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In response to Sensual Experience
Comment author: Matthew_C.2 21 December 2008 11:17:49PM 1 point [-]

because creating sexual variety is so much more difficult than sprinkling cinnamon on an apple.

A friend of mine, who shall rename nameless, likened monogamy to eating chocolate cake and nothing else for the rest of your life. . .

In response to Sensual Experience
Comment author: Matthew_C.2 21 December 2008 08:41:09PM 1 point [-]

Laugh. Your whole body's sense of touch, taste, smell, sight and hearing are part of sexual experience, at least good sex. . .

Comment author: Matthew_C.2 06 November 2008 12:45:03AM 0 points [-]

This is off topic, but bestselling author and OB reader and occasional commenter Michael Crichton has died.

Comment author: Matthew_C.2 03 November 2008 12:51:25PM 1 point [-]


Excellent comments and insight.

The biggest problem with being religious, in the way you have defined, is that your "oughts" start to influence your perception of what "is". We see exactly the same thing happening with traditional religions, with political religions, and here with Singularitarian religion.

The one true worthy action is to perceive the "is" without blurring our vision with the distorting filters of "oughts". This is the true "Way". But, of course, it is not nearly as popular as promising salvation, whether religious or technological.

Comment author: Matthew_C.2 23 October 2008 12:20:34AM 2 points [-]

Eliezer, I suspect the coalition in control of your fingers is not as coherent or stable as it appears. Ruling coalitions like to give the impression that they have little effective opposition and are unified without internal dissent, but the truth is usually otherwise.

That comment was quintessentially Hanson, and an observation whose insight gives me much cause to believe that the coalition in control of those fingers has travelled across many a Rubicon. . .

Comment author: Matthew_C.2 23 October 2008 12:16:00AM 0 points [-]

I'm a bit dismayed, however, by the obvious emotional response and meanness from someone who prides himself on sharpening the blade of his rationality by testing it against criticism.

Let's be fair. All "someones" operate according to the same basic Darwinian principles, which involve the subsumption of some ideas and rejection of others into a self-concept which then defends "itself" against any perceived threat. And the biggest threat, of course, is the truth that the self is not fundamentally *real*. When that is clearly seen, the gig is up.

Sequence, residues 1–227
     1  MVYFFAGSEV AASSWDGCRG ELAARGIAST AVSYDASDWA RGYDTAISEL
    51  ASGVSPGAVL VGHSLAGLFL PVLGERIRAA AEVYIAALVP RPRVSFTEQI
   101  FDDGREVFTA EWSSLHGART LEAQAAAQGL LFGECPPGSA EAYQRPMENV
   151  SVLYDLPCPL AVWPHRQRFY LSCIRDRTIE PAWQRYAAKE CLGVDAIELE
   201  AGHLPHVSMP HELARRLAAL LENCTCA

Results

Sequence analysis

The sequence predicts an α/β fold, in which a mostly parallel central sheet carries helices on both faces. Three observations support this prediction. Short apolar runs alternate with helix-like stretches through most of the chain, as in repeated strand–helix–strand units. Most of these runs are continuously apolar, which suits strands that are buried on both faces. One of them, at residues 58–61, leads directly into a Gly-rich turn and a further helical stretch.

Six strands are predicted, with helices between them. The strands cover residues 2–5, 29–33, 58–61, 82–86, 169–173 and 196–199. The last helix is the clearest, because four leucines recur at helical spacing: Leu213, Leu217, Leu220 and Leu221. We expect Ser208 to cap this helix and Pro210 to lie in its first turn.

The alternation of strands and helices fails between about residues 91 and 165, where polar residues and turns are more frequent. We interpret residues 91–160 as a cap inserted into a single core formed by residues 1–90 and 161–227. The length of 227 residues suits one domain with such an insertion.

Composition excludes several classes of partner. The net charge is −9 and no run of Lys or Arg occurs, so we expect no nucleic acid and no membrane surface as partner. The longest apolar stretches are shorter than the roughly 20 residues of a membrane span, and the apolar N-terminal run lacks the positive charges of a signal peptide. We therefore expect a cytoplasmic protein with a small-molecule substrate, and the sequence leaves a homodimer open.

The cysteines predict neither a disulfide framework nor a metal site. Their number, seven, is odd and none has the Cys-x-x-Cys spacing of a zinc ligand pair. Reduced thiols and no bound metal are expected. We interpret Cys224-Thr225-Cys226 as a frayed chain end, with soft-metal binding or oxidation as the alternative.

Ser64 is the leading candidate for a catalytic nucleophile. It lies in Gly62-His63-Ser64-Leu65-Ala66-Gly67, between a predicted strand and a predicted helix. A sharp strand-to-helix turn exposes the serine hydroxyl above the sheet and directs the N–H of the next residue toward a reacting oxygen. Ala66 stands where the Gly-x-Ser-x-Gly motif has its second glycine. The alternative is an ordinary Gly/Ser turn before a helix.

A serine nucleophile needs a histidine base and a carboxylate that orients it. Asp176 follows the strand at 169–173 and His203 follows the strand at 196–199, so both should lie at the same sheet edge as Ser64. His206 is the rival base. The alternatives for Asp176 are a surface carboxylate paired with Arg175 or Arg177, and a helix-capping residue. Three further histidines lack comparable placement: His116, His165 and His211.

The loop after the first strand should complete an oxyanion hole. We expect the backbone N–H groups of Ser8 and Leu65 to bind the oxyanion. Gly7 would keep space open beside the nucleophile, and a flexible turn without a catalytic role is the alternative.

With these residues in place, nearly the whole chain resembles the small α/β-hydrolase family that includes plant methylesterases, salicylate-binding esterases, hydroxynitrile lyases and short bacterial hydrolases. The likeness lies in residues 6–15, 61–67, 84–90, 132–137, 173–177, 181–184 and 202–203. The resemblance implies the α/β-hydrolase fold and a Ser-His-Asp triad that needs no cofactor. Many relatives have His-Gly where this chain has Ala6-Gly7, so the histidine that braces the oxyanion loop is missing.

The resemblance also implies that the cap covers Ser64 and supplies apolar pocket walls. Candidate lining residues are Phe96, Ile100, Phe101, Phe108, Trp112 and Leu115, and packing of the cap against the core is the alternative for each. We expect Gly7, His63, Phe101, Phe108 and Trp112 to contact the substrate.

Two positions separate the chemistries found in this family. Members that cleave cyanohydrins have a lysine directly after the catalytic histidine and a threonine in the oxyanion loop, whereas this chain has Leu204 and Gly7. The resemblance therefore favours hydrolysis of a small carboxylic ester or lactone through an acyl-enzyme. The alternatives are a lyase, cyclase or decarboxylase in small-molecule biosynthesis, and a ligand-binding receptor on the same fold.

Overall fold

Expecting "someones" to operate according to principles of integrity and truth-seeking is like expecting foxes to babysit chickens without indulging their appetites. Sure, there is an (at first) fun and interesting game of status seeking to be played called "I'm more honest (and smarter BTW) than you". But it's all in the service of covering up the truth about the imagined "I" who is playing that game.

When reality is actually engaged with an approach of genuine inquiry rather than an chest-expanded assumption that the "someone" is well along the "straight and narrow path" and treading "the way", then the "someone" is seen to be insubstantial, unimportant and essentially unreal, and displays of self-importance, pomposity and grandiosity fade away. And many of the activities and goals that seemed oh-so-important to the "someone", are smiled at, and put away on the shelf like the other outgrown toys of childhood.

Comment author: Matthew_C.2 22 October 2008 08:18:17PM 1 point [-]

There is no actual "you" in the way that it seems to be. A persistent thought pattern / meme complex got mistaken for a "you" by awareness and, sooner or later, awareness can see through the "you", which is a tremendous relief when it occurs.

As Einstein put it:

A human being is a part of the whole, called by us, "Universe," a part limited in time and space. He experiences himself, his thoughts and feelings as something separated from the rest -- a kind of optical delusion of his consciousness.

This delusion is a kind of prison for us. . .

Comment author: Matthew_C.2 12 September 2008 05:41:02PM 2 points [-]

One of the strongest lines of evidence is, indeed, that we have successfully reduced minds. . .

Just what exactly are you referring to here?

In response to Touching the Old
Comment author: Matthew_C.2 20 July 2008 05:19:15PM 0 points [-]

Memories decay exponentially. This occurs both over time and over number of items to remember.

That is a popular model, but one I find does not match my own experience of memory at all.

Sometimes just a particular smell is able to bring back a memory from decades ago of a small and insignificant happening that I haven't recalled for many years.

Certainly there are some individuals who absolutely do not fit into your characterization, and there is a lot of reason to suspect that the rest of us also can have access to that kind of remembering.

In response to Touching the Old
Comment author: Matthew_C.2 20 July 2008 05:07:33PM -1 points [-]

I always say I do not, and all evidence suggests this is the case.

Actually there is an enormous amount of evidence that consciousness can sometimes temporarily be disassociated from the body, however this evidence is extremely disconcerting for committed reductionist materialists who therefore dismiss, ignore, and minimize it, and impugn those who research it, and associate it all with people like Shirley MacClain and Deepak Chopra.

I don't personally like the term "soul" as it seems to bring too many assumptions to bear. But for those who are willing to entertain questions instead of assuming they already have the right answers, there is some very interesting data out there. . .

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